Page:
Study of rhino's family tree could help save them from extinction
Rhinoceroses naturally have low genetic diversity. This means we may be able to recover their numbers despite there only being a few of them left, the researchers say.
There are currently five species of rhinoceros living on the Earth - Indian, Javan, Sumatran, white and black. But piecing together exactly how they are related has proven problematic thanks to a lack of genetic data.
Now, a study by an international team of researchers has helped to fill the gaps in the rhino evolutionary family tree by analysing and comparing the genomes of all five living species along with the genomes of three extinct species - woolly, Merck’s, and the Siberian Unicorn.
“We can now show that the main branch in the rhinoceroses’ tree of life is among geographic regions, Africa versus Eurasia, and not between the rhinos that have one versus two horns,” said study author Prof Love Dalen of the Centre for Palaeogenetics and the Swedish Museum of Natural History.
“The second important finding is that all rhinoceroses, even the extinct ones, have comparatively low genetic diversity. To some extent, this means that the low genetic diversity we see in present-day rhinos, which are all endangered, is partly a consequence of their biology.”
Read more about rhino conservation:
- Northern white rhino embryo could save all-female subspecies from extinction
- Scientists fake rhino horn from horse hair to flood illegal market
They found that all eight species showed a slow decrease in population size over the past two million years or had consistently small populations over extended periods of time – this may mean that rhinoceroses are naturally adapted to living in groups with low genetic diversity, the researchers say.
This theory fits with the currently held idea that rhino populations have not accumulated disease-causing genetic mutations over the past 100 years, allowing them to stay healthy despite inbreeding and low genetic diversity.
The findings also mean that conservation programs designed to help rhino numbers recover should perhaps switch from focussing on increasing genetic diversity to increasing population sizes, the researchers say.
However, rhino numbers are dwindling. According to charity Save the Rhino, there are around 5,000 black and 18,000 white rhinos remaining in Africa, 3,500 Indian rhinos, and fewer than 100 Javan and Sumatran rhinos in southeast Asian.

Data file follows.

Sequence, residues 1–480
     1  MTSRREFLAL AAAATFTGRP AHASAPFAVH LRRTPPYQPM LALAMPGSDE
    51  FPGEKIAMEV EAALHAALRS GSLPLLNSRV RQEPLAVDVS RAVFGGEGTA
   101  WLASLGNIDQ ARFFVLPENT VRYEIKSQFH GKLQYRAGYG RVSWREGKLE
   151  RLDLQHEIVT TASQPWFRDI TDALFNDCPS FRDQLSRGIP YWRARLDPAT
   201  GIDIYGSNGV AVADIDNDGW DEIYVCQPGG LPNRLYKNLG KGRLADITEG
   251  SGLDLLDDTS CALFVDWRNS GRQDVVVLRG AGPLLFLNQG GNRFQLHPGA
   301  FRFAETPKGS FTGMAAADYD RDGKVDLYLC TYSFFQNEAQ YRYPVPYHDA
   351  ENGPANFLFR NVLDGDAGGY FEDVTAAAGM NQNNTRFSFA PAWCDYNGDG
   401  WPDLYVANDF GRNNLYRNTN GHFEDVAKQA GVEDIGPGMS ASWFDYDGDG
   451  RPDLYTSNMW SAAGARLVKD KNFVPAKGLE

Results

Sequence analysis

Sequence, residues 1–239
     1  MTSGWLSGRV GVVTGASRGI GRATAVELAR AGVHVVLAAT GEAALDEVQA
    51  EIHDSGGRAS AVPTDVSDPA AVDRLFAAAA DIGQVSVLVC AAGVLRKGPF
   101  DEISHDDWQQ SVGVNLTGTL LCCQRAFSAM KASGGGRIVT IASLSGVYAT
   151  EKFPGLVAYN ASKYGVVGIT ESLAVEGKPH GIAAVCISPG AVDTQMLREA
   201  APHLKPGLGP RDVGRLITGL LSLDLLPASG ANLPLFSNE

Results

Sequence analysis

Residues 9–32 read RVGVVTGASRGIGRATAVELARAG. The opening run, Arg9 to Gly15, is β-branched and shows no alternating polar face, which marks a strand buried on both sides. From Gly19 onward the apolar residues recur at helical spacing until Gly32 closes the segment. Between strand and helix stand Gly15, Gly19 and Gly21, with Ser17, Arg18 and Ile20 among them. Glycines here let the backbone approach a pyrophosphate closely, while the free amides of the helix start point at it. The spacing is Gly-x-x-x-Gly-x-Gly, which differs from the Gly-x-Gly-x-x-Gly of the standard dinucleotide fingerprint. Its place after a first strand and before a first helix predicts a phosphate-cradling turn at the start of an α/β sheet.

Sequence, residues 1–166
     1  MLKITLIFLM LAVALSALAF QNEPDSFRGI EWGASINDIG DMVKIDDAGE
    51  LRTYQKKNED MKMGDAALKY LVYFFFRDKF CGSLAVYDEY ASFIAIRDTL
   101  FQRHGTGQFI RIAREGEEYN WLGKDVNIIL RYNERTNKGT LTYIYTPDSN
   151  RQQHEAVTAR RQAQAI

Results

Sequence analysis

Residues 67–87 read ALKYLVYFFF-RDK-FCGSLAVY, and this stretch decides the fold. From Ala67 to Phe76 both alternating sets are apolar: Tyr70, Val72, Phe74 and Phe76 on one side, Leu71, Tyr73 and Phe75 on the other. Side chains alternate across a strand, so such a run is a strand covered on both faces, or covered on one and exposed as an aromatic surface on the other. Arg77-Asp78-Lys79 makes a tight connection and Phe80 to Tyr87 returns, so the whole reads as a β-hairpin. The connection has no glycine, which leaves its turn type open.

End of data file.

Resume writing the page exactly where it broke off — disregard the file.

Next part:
Reader Q&A: How does trophy hunting affect wild animal populations?
Asked by: Steven White, Bromley
Since the days of the Roman Empire, wild animals have been slaughtered to prove power and wealth. Bigger is better when it comes to this ‘sport’, which means that dominant, mature male rhinos, elephants, lions, leopards and other animals are the prime targets of hunters.
The artificially premature loss of strong, healthy individuals takes vital genes out of the breeding pool which, over time, can result in an overall decline in body size and, where applicable, also horn or tusk size.
Removing these frontline animals also undermines social cohesion and can leave members of prides and herds vulnerable to attack by other members of their own species. Although some argue that money from trophy hunting can help with conservation, there is not enough evidence to convince us that it can.
Jason is the commissioning editor for BBC Science Focus. He holds an MSc in physics and was named Section Editor of the Year by the British Society of Magazine Editors in 2019. He has been reporting on science and technology for more than a decade. During this time, he's walked the tunnels of the Large Hadron Collider, watched Stephen Hawking deliver his Reith Lecture on Black Holes and reported on everything from simulation universes to dancing cockatoos. He looks after the magazine’s and website’s news sections and makes regular appearances on the Instant Genius Podcast.